Destroying client files will cost N.Y.-based Dewey more than $1M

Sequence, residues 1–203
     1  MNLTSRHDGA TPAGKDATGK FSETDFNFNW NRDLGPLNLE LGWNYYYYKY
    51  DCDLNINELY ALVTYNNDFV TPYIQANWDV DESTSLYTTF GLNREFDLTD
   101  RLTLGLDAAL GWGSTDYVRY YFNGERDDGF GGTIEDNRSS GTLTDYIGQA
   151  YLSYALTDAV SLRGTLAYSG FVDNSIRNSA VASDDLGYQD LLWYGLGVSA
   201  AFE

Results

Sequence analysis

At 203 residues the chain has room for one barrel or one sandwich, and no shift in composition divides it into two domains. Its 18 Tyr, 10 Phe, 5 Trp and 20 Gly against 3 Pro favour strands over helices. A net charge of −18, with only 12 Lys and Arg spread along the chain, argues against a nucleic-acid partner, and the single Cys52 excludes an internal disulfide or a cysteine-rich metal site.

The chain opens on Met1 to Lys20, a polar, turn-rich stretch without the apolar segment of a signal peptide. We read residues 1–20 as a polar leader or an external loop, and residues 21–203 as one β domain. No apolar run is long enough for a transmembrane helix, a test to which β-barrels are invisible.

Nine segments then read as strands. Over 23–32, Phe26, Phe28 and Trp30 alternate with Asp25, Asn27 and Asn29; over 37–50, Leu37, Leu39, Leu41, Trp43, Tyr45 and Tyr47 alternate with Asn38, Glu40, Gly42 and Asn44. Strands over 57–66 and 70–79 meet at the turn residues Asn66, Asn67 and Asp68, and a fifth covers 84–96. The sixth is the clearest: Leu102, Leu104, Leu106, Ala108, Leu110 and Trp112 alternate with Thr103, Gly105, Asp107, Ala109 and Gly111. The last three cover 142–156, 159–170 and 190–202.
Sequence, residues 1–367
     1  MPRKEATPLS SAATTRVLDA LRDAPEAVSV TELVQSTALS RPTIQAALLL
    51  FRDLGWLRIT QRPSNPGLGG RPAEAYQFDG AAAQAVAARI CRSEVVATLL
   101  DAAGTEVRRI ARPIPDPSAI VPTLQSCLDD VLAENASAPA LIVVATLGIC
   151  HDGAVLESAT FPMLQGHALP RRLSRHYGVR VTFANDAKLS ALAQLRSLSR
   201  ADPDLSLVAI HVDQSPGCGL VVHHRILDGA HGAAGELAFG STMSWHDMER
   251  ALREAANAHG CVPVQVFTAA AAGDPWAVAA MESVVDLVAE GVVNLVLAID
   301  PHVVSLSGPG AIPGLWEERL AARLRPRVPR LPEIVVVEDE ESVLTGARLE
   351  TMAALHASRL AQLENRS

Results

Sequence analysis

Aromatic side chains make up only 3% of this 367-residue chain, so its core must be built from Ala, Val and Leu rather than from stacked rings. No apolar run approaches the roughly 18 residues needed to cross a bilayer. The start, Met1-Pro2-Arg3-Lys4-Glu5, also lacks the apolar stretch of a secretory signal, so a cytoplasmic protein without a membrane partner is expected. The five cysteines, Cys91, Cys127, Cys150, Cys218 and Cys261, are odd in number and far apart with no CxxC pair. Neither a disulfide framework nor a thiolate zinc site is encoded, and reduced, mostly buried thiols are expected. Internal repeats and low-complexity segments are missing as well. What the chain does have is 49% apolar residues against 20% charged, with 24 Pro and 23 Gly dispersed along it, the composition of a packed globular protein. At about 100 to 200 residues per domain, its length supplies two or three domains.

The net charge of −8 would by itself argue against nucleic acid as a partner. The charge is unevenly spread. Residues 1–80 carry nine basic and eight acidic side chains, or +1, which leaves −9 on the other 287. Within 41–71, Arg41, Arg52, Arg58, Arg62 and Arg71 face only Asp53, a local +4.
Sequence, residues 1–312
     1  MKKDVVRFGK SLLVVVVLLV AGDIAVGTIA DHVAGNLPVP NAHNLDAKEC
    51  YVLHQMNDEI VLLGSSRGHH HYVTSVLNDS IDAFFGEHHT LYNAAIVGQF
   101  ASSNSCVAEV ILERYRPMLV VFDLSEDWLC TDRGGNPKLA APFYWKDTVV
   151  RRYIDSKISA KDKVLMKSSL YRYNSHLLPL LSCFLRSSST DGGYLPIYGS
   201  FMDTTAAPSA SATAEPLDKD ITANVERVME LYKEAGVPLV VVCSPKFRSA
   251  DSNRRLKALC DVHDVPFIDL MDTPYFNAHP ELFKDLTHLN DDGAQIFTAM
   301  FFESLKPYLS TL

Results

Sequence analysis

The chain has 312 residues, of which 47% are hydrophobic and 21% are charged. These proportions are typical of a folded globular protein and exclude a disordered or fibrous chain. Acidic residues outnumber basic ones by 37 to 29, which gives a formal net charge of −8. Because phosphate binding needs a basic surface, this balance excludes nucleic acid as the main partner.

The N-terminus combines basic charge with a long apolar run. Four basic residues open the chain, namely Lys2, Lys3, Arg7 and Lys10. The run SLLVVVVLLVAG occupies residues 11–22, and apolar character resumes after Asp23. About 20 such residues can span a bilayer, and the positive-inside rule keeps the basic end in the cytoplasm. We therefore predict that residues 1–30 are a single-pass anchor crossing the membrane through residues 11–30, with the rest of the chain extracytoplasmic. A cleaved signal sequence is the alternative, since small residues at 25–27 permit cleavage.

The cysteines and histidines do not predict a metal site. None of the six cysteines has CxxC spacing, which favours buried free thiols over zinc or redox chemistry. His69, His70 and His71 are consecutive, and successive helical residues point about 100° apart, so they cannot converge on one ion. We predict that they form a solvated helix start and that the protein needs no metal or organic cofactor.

By Correy Stephenson Dolan Media Newswires BOSTON, MA--The price of protecting client confidences will cost defunct law firm Dewey & LeBoeuf almost $1.4 million. The firm filed for Chapter 11 bankruptcy protection last May after more than 100 years in existence. In its bankruptcy filing, Dewey revealed that it was paying storage fees for hundreds of thousands of boxes full of client files, running up its liabilities. Looking to trim costs, the firm proposed giving clients 75 days to collect their files before destroying them. Clients and creditors objected, expressing concern about confidentiality issues if documents--including contracts, financial data or trade secrets--got lost in the shuffle or were inadvertently made public. U.S. Bankruptcy Court Judge Martin Glenn of the Southern District of New York told the firm to notify clients of its proposed disposal plans but ordered it to wait before beginning to destroy the files . After months of negotiation, the firm has agreed to pay its storage facilities $4 per box to shred the records and provide certification of the destruction, according to Reuters. Roughly 85,000 boxes have been claimed by partners or clients since the firm proposed its destruction plan. If the remaining 345,000 boxes remain unclaimed, it will cost the firm $1.38 million to shred their contents in order to preserve client confidences and meet their ethical obligations. Published: Mon, Feb 11, 2013